Have you met a Nigerian medical student in his clinical years and asked him about private practice?
Many of them are not giddily looking up to it. Too many factors mitigate against setting up your thing as a medical practitioner in Nigeria. Must-haves like start-up capital are pretty easy to navigate compared to more structural quirks that have embedded inefficiency into the Nigerian healthcare market, from availability to service delivery.
To understand how technology and finance innovation can break this vicious cycle, Nedu and Enyioma of the BTLP podcast spoke to Dr Debo Odulana, founder of Doctoora. The start-up provides co-work space for healthcare professionals to be able to begin and sustain their practice. It will be two years old in ten days time.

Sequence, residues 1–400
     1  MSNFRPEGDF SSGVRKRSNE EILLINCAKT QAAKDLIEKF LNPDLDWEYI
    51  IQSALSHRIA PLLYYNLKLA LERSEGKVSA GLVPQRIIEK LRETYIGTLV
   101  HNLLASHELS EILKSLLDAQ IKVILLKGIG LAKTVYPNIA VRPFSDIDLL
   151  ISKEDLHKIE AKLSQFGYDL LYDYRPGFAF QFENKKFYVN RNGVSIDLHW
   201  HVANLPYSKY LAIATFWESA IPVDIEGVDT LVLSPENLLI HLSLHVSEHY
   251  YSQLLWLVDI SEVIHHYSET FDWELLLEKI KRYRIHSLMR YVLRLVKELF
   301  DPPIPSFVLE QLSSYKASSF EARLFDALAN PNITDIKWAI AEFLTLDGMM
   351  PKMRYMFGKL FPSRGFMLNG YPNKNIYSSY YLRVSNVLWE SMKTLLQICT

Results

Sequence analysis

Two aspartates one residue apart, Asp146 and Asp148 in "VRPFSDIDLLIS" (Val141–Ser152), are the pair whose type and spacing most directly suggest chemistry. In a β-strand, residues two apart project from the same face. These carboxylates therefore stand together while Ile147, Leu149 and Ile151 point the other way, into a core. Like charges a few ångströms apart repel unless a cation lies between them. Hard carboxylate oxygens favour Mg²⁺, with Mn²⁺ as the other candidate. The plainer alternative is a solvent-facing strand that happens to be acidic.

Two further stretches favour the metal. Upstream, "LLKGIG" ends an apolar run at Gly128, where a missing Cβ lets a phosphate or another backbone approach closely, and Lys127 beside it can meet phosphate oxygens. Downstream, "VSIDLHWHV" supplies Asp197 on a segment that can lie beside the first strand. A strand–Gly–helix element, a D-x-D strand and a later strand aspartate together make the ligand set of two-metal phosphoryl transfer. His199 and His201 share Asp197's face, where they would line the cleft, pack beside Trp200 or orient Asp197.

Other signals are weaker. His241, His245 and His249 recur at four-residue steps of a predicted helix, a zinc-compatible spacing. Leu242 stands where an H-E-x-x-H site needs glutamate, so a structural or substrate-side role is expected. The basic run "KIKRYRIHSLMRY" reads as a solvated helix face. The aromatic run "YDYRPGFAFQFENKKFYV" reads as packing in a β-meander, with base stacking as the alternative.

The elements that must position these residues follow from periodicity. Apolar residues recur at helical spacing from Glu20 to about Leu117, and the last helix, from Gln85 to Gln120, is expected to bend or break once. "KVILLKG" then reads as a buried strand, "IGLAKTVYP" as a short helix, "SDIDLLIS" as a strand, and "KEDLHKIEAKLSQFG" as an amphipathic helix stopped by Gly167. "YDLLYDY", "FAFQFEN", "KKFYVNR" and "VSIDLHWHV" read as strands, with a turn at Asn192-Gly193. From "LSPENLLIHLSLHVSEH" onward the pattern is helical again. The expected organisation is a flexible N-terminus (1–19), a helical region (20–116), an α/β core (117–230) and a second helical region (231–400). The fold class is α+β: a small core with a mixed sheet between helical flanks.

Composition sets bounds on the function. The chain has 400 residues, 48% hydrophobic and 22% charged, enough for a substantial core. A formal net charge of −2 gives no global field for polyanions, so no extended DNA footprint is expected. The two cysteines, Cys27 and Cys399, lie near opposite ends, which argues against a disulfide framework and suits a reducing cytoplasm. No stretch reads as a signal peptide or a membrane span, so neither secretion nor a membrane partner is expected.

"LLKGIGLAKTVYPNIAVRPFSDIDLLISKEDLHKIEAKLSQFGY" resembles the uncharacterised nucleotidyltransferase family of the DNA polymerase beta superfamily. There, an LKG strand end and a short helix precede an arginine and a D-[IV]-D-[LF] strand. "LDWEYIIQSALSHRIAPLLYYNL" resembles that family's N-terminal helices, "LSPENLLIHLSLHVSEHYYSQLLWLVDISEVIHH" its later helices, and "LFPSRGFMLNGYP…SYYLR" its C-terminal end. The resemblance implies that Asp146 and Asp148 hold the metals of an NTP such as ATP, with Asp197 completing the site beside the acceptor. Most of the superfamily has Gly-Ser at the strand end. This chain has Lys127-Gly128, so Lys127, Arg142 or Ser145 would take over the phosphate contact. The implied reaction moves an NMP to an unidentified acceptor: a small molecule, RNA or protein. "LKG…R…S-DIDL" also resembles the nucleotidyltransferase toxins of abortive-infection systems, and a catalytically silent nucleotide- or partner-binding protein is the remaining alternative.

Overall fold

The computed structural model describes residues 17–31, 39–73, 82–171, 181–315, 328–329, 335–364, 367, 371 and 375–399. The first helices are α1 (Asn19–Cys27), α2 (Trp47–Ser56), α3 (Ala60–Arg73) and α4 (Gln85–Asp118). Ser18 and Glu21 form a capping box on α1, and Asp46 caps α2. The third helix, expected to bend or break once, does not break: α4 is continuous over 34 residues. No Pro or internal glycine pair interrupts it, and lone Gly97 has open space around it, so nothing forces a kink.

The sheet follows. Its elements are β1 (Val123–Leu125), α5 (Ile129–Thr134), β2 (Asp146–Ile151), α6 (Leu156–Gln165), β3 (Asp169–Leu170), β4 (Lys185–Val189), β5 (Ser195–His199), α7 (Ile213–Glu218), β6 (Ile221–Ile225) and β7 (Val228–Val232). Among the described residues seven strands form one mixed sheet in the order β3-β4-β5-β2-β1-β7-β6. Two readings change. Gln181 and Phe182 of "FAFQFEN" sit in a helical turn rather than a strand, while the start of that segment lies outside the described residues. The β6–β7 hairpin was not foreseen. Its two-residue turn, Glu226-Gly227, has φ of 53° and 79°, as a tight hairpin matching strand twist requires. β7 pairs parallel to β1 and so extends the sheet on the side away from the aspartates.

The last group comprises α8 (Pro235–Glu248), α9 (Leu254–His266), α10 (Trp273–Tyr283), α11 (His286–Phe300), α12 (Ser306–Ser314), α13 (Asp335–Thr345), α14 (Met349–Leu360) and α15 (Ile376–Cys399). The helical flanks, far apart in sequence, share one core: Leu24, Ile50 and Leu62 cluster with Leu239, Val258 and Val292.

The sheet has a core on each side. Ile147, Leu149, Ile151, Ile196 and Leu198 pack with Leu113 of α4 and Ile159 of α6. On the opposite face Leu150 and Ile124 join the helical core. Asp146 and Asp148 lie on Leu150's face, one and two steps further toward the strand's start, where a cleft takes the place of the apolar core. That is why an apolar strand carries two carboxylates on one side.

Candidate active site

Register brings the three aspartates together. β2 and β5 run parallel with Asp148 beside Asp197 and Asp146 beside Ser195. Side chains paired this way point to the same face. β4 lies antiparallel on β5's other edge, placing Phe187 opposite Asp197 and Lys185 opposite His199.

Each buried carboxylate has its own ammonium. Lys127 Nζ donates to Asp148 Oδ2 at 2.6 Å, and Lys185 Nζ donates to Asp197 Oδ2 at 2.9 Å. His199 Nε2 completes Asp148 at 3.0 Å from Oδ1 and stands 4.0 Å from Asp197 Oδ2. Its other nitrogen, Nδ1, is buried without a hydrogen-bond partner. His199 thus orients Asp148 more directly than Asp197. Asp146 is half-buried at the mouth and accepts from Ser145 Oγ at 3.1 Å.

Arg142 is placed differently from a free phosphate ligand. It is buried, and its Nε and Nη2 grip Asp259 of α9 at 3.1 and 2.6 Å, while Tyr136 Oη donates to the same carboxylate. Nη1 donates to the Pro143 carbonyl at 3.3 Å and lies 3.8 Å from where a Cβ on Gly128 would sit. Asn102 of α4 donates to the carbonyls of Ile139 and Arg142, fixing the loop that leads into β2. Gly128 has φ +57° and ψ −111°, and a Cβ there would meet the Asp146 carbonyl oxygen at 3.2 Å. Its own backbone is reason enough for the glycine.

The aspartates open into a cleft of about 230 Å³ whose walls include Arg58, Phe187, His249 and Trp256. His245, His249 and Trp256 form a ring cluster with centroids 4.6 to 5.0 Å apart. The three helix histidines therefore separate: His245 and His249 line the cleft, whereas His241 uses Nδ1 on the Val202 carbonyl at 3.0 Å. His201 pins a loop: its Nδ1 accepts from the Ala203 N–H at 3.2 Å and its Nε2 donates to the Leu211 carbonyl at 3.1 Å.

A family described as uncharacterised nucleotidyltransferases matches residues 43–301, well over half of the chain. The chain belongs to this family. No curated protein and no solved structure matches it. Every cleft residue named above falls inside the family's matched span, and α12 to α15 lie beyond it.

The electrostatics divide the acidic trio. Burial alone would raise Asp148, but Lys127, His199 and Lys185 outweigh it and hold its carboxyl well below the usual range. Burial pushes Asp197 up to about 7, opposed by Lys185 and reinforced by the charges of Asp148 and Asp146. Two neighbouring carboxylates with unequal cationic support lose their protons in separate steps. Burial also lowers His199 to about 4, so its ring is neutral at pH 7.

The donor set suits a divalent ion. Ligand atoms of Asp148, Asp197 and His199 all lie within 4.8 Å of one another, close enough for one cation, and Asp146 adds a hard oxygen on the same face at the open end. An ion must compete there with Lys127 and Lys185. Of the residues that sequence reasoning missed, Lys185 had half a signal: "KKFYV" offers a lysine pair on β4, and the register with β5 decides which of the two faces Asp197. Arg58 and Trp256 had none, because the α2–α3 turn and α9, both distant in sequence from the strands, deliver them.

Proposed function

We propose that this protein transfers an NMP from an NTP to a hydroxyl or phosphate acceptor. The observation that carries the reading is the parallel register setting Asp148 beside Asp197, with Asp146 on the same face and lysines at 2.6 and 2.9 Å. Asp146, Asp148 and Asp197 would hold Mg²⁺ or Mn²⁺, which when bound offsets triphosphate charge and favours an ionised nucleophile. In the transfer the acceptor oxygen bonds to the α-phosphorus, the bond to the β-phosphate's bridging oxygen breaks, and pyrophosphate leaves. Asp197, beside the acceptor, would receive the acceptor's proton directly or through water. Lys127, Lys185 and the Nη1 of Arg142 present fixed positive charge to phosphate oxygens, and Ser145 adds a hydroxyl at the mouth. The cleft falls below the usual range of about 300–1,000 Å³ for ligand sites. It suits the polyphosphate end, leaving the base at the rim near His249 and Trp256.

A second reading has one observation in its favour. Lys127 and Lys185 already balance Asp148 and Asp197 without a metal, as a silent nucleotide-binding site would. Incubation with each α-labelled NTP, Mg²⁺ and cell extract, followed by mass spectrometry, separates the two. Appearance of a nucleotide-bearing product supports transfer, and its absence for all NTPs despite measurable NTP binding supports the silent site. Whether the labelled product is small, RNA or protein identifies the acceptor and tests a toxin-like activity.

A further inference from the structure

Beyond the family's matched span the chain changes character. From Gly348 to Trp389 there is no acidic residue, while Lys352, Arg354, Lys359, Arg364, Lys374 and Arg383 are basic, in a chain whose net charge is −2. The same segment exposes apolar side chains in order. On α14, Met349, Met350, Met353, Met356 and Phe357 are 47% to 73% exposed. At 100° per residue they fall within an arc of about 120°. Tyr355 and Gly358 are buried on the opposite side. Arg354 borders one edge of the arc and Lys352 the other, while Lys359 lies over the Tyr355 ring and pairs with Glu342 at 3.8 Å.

Odunlana’s aim is to close the gap on infrastructure that discourages private practice, but how have they been doing this?
Perception, Insurance, etc
In this conversation, he elaborates on the two marketplaces Doctoora provides and the perception problems affecting healthcare in Nigeria. He also gives a background on the principles and goals of health insurance and provides insight into the behavioural economics of healthcare in Nigeria.
This is one rich conversation for enthusiasts who want to see Nigeria’s healthcare quagmire fixed. Like it is now common to say, many of us are one catastrophic illness away from poverty and needing a GoFundMe.
The conversation is in two parts; start with the first above and continue with the second below.
About the BTLP Podcast
The BTLP (Business, Technology, Law and Policy) podcast is a production by Chinedu Okoro and Phil Enyioma. inquizimedia.com is partnering with the producers to share their content on issues around technology and policy. The content and opinions shared are entirely those of the producers and their guests, and do not necessarily reflect inquizimedia.com‘s views on the topics discussed. Visit the BTLP podcast channel on Soundcloud for more of their conversations.
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